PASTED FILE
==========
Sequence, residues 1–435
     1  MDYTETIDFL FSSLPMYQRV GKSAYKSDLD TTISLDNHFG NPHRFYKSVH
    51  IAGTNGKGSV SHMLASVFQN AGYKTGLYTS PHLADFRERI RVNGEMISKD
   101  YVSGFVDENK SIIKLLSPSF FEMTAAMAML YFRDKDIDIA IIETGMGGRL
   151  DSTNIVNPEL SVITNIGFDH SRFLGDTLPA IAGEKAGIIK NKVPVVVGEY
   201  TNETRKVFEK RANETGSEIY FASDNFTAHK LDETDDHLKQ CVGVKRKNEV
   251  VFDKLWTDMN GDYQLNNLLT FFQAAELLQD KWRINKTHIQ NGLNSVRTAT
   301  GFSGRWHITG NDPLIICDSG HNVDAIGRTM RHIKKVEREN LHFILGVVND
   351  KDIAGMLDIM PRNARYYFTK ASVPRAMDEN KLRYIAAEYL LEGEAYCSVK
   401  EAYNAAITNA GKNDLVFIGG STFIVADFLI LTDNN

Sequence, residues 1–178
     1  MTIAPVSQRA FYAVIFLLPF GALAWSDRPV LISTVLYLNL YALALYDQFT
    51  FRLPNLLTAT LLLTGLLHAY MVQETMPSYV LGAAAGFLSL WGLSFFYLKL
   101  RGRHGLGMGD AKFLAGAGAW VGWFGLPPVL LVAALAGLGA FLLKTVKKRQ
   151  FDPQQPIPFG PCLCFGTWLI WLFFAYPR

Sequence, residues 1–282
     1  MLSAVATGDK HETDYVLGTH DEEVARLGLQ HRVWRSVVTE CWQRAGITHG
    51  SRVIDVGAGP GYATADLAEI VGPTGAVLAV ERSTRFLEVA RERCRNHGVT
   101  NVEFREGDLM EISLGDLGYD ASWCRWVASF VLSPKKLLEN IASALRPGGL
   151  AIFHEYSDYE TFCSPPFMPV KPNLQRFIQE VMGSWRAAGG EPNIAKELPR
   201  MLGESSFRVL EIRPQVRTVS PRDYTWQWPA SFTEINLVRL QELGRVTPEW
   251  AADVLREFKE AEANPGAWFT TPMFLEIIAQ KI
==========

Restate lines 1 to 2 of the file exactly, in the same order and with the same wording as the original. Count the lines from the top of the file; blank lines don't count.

Sequence, residues 1–435
     1  MDYTETIDFL FSSLPMYQRV GKSAYKSDLD TTISLDNHFG NPHRFYKSVH